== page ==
The trailer for Snowfall’s “Slow Hand” portrayed the episode as one that would be filled with action and retribution. However, there was barely any of either. Instead, “Slow Hand” felt like a filler episode that sets up for future action to come. After “Make Them Birds Fly” honed in on Gustavo and Teddy’s storylines, they were basically forgotten in this episode.
Unlike the first two episodes, “Slow Hand” had a silent start with no overpowering catchy blues or pop song as Franklin reenters Claudia’s club after being robbed and beaten to a pulp. It gave the beginning a more serious tone than prior episodes leading one to believe that something is about to go down. That really wasn’t the case.
Franklin’s ego is busted after being left in the street to die and Claudia calls him out on it. When Franklin comes back demanding who those guys were, she points out that he’s a smooth talker but says he doesn’t know shit about business. Which is true. Ever since the first sale, Franklin has been walking around like he’s untouchable. Maybe all he needed was to get tossed a bit to realize this isn’t like selling candy bars for school.
Trying to prove his bravado, Franklin enlists his friend Leon and Leon’s acquaintance Karvel to help find the guys who took his cash from him. The three jump Lenny, one of the thieves, at his house. While the other two tie Lenny up, Franklin just stands there contemplating on what to do. Just by watching his eyes, you can tell Franklin wants to just get his money and leave. However, Karvel has a different approach that Franklin isn’t quite okay with.
Karvel tries to bust open Lenny’s head but Franklin stops him. Once again it’s brought up how babyish and weak Franklin acts when it comes to this “line of work.” There’s a part of me that feels bad for the kid. Franklin just wants his money and doesn’t want anyone to get hurt, which will most likely never be the case. In the end, Karvel learns where the money is hidden and emerges from a room with Franklin’s cash. Instead of giving it to him, Karvel walks out of the house leaving Franklin and Leon standing dumbfounded in the living room.
Twice in 24-hours Franklin was robbed with the same wad of cash. If he doesn’t learn from this experience to not trust anyone, I don’t know if he ever will.
Another character who is still learning about trust is Teddy. Now dipping their toes into arms dealing, Alejandro and Teddy have to grind down serial numbers on hundreds of decommissioned rocket launchers so they won’t be connected back to the U.S. Army. This act alone pisses Alejandro off who has been dealing with the power struggle between him and Teddy.
Teddy is beginning to get a big head as he becomes comfortable in his new role. What doesn’t help is that his wife and son come to town. Teddy leaves Alejandro alone with the rocket launchers to reconnect with his family. It was nice to finally see Teddy as a four-dimensional character. Seeing him interact with his family and actually smile for once was a nice change of pace in his storyline.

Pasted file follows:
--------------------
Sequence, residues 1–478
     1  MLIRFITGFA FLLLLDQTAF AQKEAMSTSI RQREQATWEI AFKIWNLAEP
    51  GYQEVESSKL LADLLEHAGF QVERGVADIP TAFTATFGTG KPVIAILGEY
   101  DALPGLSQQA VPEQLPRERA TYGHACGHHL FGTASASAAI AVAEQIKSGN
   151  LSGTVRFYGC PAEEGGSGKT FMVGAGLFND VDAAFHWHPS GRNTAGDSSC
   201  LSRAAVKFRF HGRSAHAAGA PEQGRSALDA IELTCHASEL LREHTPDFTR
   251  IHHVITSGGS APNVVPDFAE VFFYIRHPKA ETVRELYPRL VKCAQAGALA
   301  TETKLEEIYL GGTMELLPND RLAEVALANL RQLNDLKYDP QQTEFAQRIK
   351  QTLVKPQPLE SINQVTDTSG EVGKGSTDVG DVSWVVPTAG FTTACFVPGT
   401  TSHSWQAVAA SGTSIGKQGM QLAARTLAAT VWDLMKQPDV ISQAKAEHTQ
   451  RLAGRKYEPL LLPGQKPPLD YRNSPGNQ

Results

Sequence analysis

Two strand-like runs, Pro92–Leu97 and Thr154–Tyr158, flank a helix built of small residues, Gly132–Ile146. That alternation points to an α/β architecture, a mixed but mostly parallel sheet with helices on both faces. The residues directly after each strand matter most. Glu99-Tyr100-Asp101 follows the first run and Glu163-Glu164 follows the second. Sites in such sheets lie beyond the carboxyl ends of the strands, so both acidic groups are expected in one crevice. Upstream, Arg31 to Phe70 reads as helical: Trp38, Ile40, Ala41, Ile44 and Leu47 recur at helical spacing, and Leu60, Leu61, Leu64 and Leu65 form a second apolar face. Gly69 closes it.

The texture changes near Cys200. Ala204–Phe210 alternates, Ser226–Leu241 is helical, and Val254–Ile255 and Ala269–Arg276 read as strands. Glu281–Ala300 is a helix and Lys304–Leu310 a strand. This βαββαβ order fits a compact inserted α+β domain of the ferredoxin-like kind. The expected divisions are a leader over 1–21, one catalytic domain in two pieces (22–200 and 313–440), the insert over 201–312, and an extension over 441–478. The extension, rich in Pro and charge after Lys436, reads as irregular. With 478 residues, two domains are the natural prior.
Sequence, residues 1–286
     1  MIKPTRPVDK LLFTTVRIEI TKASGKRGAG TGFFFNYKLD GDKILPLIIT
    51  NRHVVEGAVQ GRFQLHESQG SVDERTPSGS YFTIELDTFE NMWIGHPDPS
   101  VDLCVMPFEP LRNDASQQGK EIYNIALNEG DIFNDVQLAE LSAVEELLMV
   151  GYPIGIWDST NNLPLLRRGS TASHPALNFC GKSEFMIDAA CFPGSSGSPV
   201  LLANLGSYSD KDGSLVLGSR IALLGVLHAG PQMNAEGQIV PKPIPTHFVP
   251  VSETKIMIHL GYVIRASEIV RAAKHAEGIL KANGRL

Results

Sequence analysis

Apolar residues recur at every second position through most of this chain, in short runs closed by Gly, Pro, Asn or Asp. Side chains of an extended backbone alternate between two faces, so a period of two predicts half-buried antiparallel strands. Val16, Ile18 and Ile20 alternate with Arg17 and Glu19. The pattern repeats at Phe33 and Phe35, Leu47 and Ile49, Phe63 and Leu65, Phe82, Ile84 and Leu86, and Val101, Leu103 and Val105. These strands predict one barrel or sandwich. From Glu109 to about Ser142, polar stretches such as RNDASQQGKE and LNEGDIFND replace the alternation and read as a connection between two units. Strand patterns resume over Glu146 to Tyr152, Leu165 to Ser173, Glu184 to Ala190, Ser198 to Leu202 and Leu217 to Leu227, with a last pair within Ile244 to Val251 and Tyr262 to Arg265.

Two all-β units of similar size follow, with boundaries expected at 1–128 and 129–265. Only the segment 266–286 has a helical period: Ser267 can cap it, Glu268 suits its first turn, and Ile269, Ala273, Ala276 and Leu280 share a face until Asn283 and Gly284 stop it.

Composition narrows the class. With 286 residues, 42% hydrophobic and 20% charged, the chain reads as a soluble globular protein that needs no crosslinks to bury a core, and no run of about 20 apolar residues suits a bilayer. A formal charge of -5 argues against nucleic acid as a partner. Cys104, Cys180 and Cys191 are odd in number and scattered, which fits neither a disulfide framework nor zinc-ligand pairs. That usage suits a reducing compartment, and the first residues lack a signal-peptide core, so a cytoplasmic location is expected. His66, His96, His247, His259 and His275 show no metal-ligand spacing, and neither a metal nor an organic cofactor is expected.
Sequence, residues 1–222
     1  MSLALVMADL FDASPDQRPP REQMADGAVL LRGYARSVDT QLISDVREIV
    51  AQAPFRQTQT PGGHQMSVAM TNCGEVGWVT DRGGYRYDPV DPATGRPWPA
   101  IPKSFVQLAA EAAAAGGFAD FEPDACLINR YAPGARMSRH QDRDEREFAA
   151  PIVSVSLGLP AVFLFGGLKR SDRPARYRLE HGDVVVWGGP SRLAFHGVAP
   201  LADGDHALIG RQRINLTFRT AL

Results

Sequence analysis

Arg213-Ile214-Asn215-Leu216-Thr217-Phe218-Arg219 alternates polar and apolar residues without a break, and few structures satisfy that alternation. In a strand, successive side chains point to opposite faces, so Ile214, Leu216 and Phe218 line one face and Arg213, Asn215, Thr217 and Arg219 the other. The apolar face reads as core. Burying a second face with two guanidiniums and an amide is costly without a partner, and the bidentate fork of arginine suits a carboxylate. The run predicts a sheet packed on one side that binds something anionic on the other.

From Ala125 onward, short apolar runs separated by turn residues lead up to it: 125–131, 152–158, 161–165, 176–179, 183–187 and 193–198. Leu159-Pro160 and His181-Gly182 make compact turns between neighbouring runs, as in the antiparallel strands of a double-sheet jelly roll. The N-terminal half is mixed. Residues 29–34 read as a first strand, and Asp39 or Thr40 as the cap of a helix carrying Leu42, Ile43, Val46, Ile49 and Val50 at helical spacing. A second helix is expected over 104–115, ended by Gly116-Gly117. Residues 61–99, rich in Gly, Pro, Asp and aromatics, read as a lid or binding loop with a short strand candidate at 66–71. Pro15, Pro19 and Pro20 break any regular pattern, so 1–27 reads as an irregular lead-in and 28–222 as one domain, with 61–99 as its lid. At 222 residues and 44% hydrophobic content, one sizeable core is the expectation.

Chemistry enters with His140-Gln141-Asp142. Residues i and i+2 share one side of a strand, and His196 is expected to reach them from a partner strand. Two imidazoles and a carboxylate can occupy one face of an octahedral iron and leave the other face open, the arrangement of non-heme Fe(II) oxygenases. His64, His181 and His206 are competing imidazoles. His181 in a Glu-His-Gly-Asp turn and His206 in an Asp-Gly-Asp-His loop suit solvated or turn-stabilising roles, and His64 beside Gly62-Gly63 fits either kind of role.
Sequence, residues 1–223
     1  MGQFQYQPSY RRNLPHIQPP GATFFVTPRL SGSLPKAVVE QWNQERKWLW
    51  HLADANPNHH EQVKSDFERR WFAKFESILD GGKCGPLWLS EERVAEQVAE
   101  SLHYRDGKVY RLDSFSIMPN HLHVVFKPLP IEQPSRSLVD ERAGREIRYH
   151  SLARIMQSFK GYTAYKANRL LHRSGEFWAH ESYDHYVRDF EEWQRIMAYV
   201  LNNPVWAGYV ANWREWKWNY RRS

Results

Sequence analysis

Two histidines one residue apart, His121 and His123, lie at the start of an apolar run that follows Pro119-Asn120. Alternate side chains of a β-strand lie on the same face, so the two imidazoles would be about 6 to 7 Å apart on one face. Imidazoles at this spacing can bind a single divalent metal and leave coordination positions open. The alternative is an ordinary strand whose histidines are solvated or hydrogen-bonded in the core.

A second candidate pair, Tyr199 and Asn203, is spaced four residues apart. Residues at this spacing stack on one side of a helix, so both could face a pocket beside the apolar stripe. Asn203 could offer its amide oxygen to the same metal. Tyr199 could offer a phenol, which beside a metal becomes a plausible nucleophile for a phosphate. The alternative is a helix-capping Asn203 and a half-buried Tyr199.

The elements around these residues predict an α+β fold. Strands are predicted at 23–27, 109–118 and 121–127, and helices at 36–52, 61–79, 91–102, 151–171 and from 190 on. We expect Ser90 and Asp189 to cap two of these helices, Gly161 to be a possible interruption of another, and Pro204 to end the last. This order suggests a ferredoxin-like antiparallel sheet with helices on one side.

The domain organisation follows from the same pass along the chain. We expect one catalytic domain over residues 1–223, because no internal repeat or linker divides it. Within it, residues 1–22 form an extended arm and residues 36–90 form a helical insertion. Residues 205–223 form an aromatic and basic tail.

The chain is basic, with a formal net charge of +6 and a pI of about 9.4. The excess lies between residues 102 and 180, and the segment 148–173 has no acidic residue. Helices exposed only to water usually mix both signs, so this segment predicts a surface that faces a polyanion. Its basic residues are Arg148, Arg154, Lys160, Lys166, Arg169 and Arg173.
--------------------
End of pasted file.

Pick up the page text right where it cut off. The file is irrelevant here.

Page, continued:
What doesn’t help Teddy is that by having them in Los Angeles it makes him weak especially when his wife tries to rationalize what he is doing and brings up the danger of the war he is in the middle of fighting.
Ultimately she tells Teddy they’re going back to Washington DC while he finishes his “duty” in LA. Not 100 percent fine with the idea, Teddy lets them go and heads back to his first priority: the job. But when Teddy arrived at the warehouse, Alejandro has left a note saying, “Dear Teddy, Fuck You.” And inside the warehouse, the rocket launchers they were scrapping are gone. Just like Franklin, Teddy can’t underestimate who he is dealing with.
Gustavo is the only character who isn’t underestimating his “bosses.” Sadly after making great strides with his storyline in “Make Them Birds Fly,” Gustavo barely got screen time. Of the three characters, Gustavo seems to have the most depth but it is barely explored. He is obviously smart when it comes to the “business” as he constantly challenges Lucia and Pedro as they try to have him kill innocent people for their gain.
Even though these three characters are very different in their own lives, they’re connected by wanting to genuinely be good people who have to ultimately make choices that with hurt others. After being dubbed twice in one day, Franklin makes the decision to get a gun so the next time someone crosses him he’ll be ready. But with his track record, he might never be.